How Avid's ScriptSync Multiplies Storytelling Possibilities

Sometimes, obscure features of a piece of software can pay significant dividends to users who take the time to master them. In the case of nonlinear editing, one of the more powerful secret weapons is Avid Media Composer’s ScriptSync feature, announced with much ballyhoo at NAB 2007. Previously, Media Composer had a Script function, but it had to be painstakingly implemented by assistants who manually matched lines of dialogue with their corresponding takes. With ScriptSync, the software started doing the majority of the work, using speech-recognition algorithms to figure out which clips should be associated with different lines of dialogue from the script. With a new season of Showtime’s hit series Weeds set to premiere tonight, film editor David Helfand tells Film & Video how ScriptSync helps him tackle new episodes by tapping a six-year-strong archive of variant takes and line readings from previous seasons.

Film & Video: When did you start using script-based editing?

David Helfand: I was able to use it back in Media Composer v7 [introduced in 1998], when I was working on That ’70s Show, because the style of shooting for a multi-camera show is a little bit more conducive to manually setting up a script in a quick period of time. But, starting with v2.7 [in May 2007], Avid started incorporating the Nexidia voice and dialogue recognition. When it became automated, it was suddenly practical to use on single-camera shows, where the scripts and coverage are more complicated. And that’s when I started to develop a workflow that fit the time constraints of episodic series television. Since I started figuring that out, I haven’t really used any other, more conventional, approach in editing. Throughout most of my work on Weeds and any other shows I’ve done, multi-camera or single-camera, I’ve relied on ScriptSync 95 percent of the time.

So how do you set up for ScriptSync?

The manual set-up involves importing the text of the script – an ASCII text file that can be exported by Final Draft. You drag the clips out of a bin and stretch them out over the script in a way that visually mimics how it appears when you get a conventional line script from a script supervisor. Except it’s better. In the line script, if you have a certain scene or take that stops and restarts repeatedly, in any given take you might have line readings going back and fourth three, four, or even 10 times. But on the written script page, you’ll only have a single line showing that this take covers this range of dialogue. With ScriptSync, you can lay all those lines out and see precisely how many times a line may have been uttered in a given take. I look at the script supervisor’s version for notes and comments, but I don’t use it at all when I’m editing.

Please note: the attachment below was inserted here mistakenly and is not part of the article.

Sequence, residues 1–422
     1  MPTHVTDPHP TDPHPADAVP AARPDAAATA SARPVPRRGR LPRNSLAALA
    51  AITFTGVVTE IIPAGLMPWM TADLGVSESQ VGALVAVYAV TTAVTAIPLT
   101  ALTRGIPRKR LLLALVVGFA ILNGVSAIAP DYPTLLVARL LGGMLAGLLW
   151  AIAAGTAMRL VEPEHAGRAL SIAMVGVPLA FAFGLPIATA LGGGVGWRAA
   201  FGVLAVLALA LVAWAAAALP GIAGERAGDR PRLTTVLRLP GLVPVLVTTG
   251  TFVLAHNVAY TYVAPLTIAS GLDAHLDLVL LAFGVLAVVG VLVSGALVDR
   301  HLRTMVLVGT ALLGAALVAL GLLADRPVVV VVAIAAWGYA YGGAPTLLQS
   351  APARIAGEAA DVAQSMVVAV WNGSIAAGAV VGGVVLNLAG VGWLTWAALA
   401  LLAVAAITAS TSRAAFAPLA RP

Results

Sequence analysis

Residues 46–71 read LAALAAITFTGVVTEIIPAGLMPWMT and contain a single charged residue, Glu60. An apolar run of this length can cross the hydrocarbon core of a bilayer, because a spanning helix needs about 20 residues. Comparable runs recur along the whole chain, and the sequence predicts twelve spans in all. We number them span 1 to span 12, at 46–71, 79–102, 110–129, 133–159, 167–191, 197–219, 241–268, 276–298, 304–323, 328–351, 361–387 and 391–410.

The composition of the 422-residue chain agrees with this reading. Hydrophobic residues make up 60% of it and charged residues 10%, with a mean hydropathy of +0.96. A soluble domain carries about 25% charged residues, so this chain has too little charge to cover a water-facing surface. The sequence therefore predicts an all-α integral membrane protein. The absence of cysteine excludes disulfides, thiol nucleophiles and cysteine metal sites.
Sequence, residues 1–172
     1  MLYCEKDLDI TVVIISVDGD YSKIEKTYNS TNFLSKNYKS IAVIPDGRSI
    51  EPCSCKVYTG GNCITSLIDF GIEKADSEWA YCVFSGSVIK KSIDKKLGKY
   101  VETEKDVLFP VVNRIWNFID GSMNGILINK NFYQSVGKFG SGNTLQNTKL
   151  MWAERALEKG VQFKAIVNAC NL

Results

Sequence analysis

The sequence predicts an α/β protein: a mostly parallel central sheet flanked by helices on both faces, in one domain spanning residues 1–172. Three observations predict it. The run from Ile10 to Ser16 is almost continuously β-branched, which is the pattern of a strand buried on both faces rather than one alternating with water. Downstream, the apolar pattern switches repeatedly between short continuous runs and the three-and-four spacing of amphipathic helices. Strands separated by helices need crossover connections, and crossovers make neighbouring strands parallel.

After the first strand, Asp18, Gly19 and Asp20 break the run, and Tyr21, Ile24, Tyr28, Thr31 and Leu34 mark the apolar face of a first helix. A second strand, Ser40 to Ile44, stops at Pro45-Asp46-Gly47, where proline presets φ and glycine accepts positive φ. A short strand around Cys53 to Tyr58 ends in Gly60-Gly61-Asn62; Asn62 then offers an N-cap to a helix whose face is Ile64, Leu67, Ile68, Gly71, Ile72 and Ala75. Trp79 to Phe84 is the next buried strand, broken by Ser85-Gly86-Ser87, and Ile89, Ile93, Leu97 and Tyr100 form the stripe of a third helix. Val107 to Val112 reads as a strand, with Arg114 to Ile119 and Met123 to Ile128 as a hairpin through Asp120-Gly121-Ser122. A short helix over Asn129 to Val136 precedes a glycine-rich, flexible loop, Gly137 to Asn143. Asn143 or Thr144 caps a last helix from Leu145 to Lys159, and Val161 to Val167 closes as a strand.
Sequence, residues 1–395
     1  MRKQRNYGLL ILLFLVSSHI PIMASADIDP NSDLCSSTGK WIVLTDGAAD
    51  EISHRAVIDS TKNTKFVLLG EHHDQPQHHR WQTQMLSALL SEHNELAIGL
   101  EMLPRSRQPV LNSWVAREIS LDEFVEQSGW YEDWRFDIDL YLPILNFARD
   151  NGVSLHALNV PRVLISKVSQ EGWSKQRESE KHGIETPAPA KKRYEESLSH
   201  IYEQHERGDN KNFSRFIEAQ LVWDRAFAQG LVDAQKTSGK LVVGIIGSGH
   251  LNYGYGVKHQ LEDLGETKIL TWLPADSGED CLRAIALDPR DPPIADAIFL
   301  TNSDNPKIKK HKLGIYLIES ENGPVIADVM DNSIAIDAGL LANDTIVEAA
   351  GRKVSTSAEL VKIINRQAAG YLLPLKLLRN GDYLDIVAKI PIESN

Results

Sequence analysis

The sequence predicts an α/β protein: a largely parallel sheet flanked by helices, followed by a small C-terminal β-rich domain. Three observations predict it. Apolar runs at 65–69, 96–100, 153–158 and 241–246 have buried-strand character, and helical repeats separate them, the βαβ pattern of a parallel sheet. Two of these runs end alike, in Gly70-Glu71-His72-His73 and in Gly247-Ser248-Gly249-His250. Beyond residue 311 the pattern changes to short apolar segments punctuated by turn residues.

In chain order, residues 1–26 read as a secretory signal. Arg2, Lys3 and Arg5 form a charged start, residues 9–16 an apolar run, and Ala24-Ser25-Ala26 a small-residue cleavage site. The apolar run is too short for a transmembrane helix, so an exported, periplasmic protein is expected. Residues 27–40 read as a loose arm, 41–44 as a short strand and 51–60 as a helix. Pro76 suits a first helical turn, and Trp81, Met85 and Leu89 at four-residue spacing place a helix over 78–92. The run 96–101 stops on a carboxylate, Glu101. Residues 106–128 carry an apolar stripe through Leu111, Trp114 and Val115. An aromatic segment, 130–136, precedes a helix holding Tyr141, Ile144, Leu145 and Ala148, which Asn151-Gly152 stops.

And previously, an assistant had to go through manually and mark each line of dialogue?

Modifications still have to be made, but now it’s closer to 80 or 85 percent automatic, depending on the quality of the audio and the consistency of the dialogue.

How granular can you get in terms of labeling and organizing those takes?

You can colorize some of the lines in the script to make it a very precise, color-coded map that can give you a lot of information that you’re not going to get from the physical line script. Maybe on the third pass they did an alternate, improv joke or a different line. Maybe on the fourth pass they skipped a line, so I might use a red color to indicate that a line wasn’t covered on that particular pass. Maybe there was an off-camera joke, or an ad lib that wasn’t recorded on a certain character’s close-up, although it was done in a wide shot. I can recognize those different variations immediately as I’m looking at the script. If the director says, “I remember a really good line reading on the third or fourth pass of that take,” I can access all 10 passes without physically scanning through them at high speed. If you don’t have slates to cue you, you have to scroll through the footage while the director or producer is sitting behind your back waiting for you to find the right one.

What’s the ScriptSync workflow like?

I spend time during the first-cut stage working in conjunction with my assistant with a back-and-forth, ping-pong workflow. He prepares the script for the available scenes and I start working. I’ll modify it and fine-tune and make annotations to the Avid script that help me understand the footage. He’ll provide the next day of dailies and give me a script that’s very close to ready, and we go back and forth and perfect it as we go along. As a result, I have a very accurate and useful tool to go in and mine the footage for all the potential things we need to.

What might that mean, specifically, for the show?

I’ve used ScriptSync numerous times to fabricate new lines of dialogue, moments or scenes by being able to access a script from two or three seasons ago. I might remember a certain line, word, or line reading. I can do a text search for certain words and, in minutes, tell my assistant not only what episode that word is in, but which original dailies – what tape, what reel, what tape number – and he can pull that out and digitize it. Within 15 to 30 minutes, he can reconstitute a scene from several years ago and give me access to dialogue I can use again to create a new moment in the current episode. That footage is no longer buried where you don’t think about it.